&=406 (Tex Cr.App.) On defendant's admission that a circular was one used by him in advertising his business as a masseur, the circular was properly admitted in evidence to show the purpose for which he held himself out.—Hyroop v. State, 179 S. W. 878.

&=406 (Tex.Cr.App.) Testimony of officer as to searching deceased's rooms for money, and defendant’s statements held admissible, even though defendant was under arrest; the money having been found by reason of her statements. –Hand v. State, 179 S. W. 1155.

6:407 (Ky.) Statement made by one to another jointly accused with him of murder, charging him with firing the shot, held competent against person so accused, where the circumstances were such that he would naturally have

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Q:423 (Ark.) Where the evidence made a question for the jury as to a conspiracy between defendant and H., evidence of H.'s possession of a pistol held competent either on direct or cross examination.—Johnson v. State, 179 S. W. 361. &=>423 (Tex.Cr.App.) On trial of defendant as principal in assault committed by W., evidence as to remark by W. regarding his intention to whip the prosecuting witness, just prior to the assault, held admissible.—Southall v. State, 179 S. W. 872.

If defendant was principal in assault by W., evidence as to what W. did to the assaulted party after he ran away, pursued by W., held admissible.—Id. Q:424 (Ark.) Statement of one jointly indicted for arson with defendant held erroneously admitted because any conspiracy had been consummated when it was made.—Counts v. State, 179 S. W. 662.

&=424 (Ky.) Letter by one defendant, written after commission of crime and threatening to kill the jailer, held not admissible upon joint #-wilton v. Commonwealth, 179 S. W. 3:427 (Tex.Cr.App.) That defendant and other companions of W. followed him and party assaulted by him, and remarked that W. ought to beat such person's head off, held to strongly tend to show that defendant was a principal.— Southall v. State, 179 S.W. 872.

(H) Documentary Evidence and Exclusion of Parol Evidence There loy.

&=>447 (Tex.Cr.App.) Written employment contract held not to merge previous representations of accused so as to prevent their proof by state in prosecution for swindling.—Arnold v. State, 179 S. W. 1183.

(I) Opinion Evidence.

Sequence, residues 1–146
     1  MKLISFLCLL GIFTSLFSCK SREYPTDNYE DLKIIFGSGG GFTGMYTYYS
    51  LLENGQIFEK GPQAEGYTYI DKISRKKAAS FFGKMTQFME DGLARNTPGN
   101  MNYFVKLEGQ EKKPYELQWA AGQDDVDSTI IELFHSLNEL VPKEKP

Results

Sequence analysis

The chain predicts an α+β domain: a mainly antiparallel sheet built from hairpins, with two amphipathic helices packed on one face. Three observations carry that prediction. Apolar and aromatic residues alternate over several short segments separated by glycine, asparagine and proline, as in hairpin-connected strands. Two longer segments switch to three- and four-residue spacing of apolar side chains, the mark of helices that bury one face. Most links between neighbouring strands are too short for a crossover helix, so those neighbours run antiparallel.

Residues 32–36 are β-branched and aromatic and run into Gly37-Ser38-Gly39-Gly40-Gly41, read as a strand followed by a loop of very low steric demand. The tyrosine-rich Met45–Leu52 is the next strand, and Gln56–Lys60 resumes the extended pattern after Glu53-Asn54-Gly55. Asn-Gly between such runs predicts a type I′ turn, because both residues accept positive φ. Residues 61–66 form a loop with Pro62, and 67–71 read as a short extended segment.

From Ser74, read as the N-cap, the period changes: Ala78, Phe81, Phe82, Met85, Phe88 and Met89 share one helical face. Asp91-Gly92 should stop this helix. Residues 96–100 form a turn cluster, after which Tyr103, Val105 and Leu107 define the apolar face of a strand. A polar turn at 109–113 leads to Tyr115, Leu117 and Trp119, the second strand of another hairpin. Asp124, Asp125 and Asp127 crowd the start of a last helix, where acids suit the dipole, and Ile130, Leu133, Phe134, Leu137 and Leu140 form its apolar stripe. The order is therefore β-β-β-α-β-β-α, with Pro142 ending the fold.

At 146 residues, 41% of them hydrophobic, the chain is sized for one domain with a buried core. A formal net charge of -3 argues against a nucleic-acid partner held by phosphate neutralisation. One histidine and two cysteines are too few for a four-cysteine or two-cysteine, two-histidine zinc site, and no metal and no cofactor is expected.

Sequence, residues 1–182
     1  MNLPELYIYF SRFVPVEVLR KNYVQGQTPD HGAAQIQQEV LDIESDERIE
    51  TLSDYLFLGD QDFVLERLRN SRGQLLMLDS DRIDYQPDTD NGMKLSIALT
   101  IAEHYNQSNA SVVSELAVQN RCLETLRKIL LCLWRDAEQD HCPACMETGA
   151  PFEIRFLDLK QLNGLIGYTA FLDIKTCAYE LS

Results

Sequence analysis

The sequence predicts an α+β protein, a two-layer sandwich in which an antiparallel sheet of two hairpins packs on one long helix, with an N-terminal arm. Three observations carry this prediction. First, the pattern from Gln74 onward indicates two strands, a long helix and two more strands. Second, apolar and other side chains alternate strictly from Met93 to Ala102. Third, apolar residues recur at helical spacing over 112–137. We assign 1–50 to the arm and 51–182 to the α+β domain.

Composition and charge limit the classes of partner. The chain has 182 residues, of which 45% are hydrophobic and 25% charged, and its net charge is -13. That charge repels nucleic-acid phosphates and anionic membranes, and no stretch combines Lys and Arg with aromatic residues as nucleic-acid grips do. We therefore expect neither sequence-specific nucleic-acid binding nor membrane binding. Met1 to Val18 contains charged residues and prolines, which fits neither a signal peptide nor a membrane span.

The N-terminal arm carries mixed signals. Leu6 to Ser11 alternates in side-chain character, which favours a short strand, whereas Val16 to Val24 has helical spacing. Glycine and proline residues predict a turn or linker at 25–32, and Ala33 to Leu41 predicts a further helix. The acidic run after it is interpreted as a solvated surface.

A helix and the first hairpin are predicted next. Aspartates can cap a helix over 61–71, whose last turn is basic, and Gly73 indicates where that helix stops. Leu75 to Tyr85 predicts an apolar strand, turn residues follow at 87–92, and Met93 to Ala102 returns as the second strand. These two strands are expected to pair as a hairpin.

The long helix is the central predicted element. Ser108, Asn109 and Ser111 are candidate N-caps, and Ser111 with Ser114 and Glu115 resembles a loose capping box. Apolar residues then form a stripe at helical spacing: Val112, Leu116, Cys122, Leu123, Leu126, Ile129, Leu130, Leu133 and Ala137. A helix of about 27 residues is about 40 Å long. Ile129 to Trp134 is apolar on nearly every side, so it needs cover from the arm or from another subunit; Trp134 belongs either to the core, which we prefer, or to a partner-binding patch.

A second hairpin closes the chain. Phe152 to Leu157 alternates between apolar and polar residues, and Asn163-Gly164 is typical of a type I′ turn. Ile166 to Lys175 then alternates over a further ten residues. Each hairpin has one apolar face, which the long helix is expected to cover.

<>448 (Ky.) In prosecution of sheriff for embezzlement, evidence of a county attorney that he had in the exercise of his official functions determined that the tax which defendant was accused of embezzling had never been certified to him for collection was inadmissible as opinion.—Commonwealth V. Brand, 179 S. W. 844. £->448 (Tex Cr.App.) It was not error to allow a city detective to testify that the persons who had signed confession by defendant as witnesses did not hold any official position in the city or county.—Jernigan v. State, 179 S. W. 1187. G=452. (Ark.), Opinion of nonexpert witness on sanity held only admissible upon showing association with subject, opportunity for obseryation, and statement of facts upon which opinion is based.—Dewein v. State, 179 S. W. 346. C:476 (Tex.Cr.App.) Opinion evidence by a doctor, who qualified as an expert witness, as to the cause of the injuries inflicted, held properly admitted.–Chisom v. State, 179 S.W. 103. held error where there was not sufficient time in which to obtain the witness without continuance.—State v. Flick, 179 S.W. 768. <>598 (Tex.Cr.App.). In prosecution for unlawfully carrying a pistol, held, that there was no error in refusing a continuance on the ground of surprise; no diligence being shown. -Grant v. State, 179 S. W. 871. Q=598 (Tex.Cr.App.) Denial for want of dili: gence of a continuance sought for absence Of witness, who would give material testimony, held error.—Coleman v. State, 179 S.W. 1172. Q=598 (Tex.Cr.App.) A defendant indicted for seduction in November, 1913, whose trial was set for May, 1915, held not to have exercised such diligence in obtaining the presence of a witness as to make it error to refuse_a continuance.—May v. State, 179 S. W. 1176. <>608 (Ark.) Where the showing on a motion for postponement did not clearly disclose the whereabouts of the absent witness, or establish that his attendance could be procured later, the denial was not an abuse of discretion.Owens v. State, 179 S.W. 1014.